In one the first scenes of “Away From Her,” Fiona Anderson (Julie Christie) puts a pan on a freezer. There’s no music to put this action in context. Fiona’s obliviousness and her husband Grant’s (Gordon Pinsent, voice of God) confusion add to the mix of what I felt as an audience. Do I react in shock? Burst in inappropriate laughter?
After that scene in the kitchen and other after that she is aware of being hit by Alzheimer’s and its consequences and warns Grant about the latter. At times she walks within a room like a ghost, mourning lost memory without crying over it. There is a repeated shot of her looking lost in her vast snowy backyard. The minimal use of the film score, the lack of overwrought crying scenes. Mostly, this movie’s approach is about what’s not being given nor shown nor heard, letting the audience react in their personal way.
I’m thinking of other actresses that might be able to pull of the character, Canadian ones. Mary Walsh would rock the skiing scene. But Julie Christie is a solid statue as Fiona and doesn’t let go, as they say. No one can do elegance like the kind she puts into her character.
That sounds a little dreary to many of you, but there’s some verbally aggressive yet sometimes comic anger from the characters, especially the women. Fiona gives Grant the worst goodbye ever. Miss Montpellier (Wendy Crewson) condescends to him. Kristy gives him a torrential speech about the obliviousness of men, out of character for archetypal customer service characters. Marian’s (Olympia Dukakis) is just rough yet likable. The men get in on the action too. Grant comments on seeing his wife in the aged home, and Fiona’s new boyfriend Aubrey (Michael Murphy) can do so much with a look.
You can look at the film as Grant’s world crumbling just as much as its implied gender dynamics. He’s learning about women and female anger and unwritten institutions of womanhood that he’s been oblivious to. Through Fiona’s degenerative condition, Fiona, Grant and the supporting characters in their lives are feeling the end, and therefore things must be said and revealed.
It’s also a ‘Canadian story for Americans’ narrative, which shows especially in Marion’s words like ‘Kamloops, BC’ ‘Canadian Tire.’ The whole room knew where Kamloops is. There’s also the retired hockey commentator who gives some of the best moments of the film.
The only flaw of this movie is when Grant uses a metaphor to describe Alzheimer’s, like light switches in the house turning off one at a time. Then the film shows their house and the lights turn off the way Grant has described. I believe in showing or telling by not both. The rest of it is a story about loss with comic relief, surprising for director Sarah Polley’s reputation.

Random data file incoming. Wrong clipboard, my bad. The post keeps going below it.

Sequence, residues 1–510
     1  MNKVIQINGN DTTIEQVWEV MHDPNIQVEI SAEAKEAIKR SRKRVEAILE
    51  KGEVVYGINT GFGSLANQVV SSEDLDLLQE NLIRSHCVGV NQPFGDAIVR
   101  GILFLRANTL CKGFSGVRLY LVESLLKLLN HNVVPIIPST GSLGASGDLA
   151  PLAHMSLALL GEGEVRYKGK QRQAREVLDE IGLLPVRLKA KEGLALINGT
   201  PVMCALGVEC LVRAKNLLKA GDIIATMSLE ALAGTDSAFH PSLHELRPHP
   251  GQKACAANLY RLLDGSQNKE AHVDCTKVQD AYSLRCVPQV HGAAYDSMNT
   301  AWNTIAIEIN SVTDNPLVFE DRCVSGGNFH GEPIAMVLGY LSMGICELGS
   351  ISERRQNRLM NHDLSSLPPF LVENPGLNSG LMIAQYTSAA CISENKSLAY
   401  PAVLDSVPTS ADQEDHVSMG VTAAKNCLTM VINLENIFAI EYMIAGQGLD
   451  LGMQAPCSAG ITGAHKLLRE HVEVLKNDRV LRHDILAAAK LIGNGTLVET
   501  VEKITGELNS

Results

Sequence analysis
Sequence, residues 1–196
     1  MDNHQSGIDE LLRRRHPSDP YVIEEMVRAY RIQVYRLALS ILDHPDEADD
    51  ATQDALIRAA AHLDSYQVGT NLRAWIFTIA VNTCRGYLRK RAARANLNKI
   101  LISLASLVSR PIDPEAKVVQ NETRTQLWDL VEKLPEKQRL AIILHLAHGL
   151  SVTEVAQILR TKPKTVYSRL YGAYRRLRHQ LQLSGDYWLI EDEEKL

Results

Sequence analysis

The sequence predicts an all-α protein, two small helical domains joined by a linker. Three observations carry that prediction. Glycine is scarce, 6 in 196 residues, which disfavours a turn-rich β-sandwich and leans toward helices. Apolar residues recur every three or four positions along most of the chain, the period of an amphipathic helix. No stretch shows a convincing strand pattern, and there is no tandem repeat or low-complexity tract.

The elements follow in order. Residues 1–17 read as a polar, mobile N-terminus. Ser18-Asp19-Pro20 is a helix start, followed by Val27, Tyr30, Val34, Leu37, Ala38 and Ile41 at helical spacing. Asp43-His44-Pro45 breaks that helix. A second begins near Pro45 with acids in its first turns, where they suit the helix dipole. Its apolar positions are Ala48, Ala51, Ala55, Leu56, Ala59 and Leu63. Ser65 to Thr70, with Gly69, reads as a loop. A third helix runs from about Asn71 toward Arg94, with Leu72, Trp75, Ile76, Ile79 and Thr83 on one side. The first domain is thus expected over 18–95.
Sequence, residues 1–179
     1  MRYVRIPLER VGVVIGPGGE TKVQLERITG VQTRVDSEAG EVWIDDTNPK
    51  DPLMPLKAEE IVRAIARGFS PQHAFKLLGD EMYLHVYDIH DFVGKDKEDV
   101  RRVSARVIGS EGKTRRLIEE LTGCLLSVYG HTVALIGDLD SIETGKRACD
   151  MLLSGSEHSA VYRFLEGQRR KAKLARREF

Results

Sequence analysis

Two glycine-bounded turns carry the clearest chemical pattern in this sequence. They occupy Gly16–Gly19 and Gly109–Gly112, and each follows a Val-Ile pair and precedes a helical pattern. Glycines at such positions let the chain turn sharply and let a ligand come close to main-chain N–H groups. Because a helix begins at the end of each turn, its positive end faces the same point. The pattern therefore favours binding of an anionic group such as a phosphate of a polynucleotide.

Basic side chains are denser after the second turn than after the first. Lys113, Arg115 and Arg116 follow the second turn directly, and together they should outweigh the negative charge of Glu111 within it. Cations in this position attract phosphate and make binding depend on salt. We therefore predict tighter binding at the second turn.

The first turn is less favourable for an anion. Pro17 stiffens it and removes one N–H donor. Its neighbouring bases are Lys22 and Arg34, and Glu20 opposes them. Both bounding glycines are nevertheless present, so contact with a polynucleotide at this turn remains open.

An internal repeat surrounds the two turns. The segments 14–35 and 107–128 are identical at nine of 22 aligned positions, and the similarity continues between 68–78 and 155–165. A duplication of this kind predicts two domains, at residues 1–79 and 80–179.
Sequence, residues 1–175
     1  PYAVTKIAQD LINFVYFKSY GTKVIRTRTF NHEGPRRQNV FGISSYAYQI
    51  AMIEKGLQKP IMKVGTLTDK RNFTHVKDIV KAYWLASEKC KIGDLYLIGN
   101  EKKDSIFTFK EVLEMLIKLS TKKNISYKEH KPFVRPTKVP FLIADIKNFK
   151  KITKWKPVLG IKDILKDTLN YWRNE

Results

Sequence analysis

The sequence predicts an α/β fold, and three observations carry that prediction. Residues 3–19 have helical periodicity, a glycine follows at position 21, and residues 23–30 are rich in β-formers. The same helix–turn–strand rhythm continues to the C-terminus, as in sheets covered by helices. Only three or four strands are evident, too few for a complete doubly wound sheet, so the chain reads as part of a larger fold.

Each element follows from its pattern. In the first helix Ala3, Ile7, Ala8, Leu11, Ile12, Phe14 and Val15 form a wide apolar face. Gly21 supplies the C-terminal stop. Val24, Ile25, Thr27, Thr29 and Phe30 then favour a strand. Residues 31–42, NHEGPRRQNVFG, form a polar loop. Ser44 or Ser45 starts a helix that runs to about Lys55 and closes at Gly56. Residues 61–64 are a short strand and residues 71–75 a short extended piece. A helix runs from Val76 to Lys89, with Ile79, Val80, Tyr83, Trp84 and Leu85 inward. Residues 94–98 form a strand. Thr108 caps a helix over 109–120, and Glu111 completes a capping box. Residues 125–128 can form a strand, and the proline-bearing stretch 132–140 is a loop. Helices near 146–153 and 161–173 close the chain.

ph. Jonathan Loek for BlogTO
Ah, the Carlton. You have given me fond memories. Seeing “Ballast” by myself, Seeing “The Damned United” by myself. To clarify, ‘by myself’ doesn’t mean I didn’t go with someone, it means I was the only one in the room. I could text people, move seats. I’m gonna rephrase Norman Wilner that the Carlton was where short run art movies stayed for months. Watching the movies I listed above felt like discovering it, and yes, it’s a little sad that the movies I’ve listed above weren’t seen by more people despite the greatest performances and visual uniqueness packed in those films. The setting and circumstances might have helped that feeling of discovery.
There’s also seeing “House of Sand,” the first movie I saw in that theatre, and “Road to Guantanamo,” both were pieces of crap. I watched one after the other with my family. It made me realize that not all foreign films are good and that Showcase lied to me. My sister and I decided that the movie theatre is cursed with bad foreign films, vowed to never come. However, the Carlton kept luring me in and I kept coming.
There’s also seeing either “Son of Rambow” and “How My Parents Went on Vacation,” both great movies by the way, and losing my glasses in watching either of those movies – I never found them and never got them replaced. Don’t tell mom. I also saw “Bright Star” there which is one of the best movies I’ve seen.
Tonight my schedule should have been “Away From Her” and “Julie and Julia” but knowing that Atom Egoyan will be there and I haven’t seen him at the Cinematheque, this is my chance to bother him about “Chloe.”
Tonight will also be my first time downtown since the weekend. Although I tweeted about last weekend furiously I haven’t said a word about it here. I don’t know how sad I’ll feel seeing my city’s scars but I still wanna see it and I feel like a coward not being there for her at her worst.
This entry is also the first one I’ve written since the weekend and planning to back to the Carlton got my energy back. The next entry will be one on “Mean Girls.”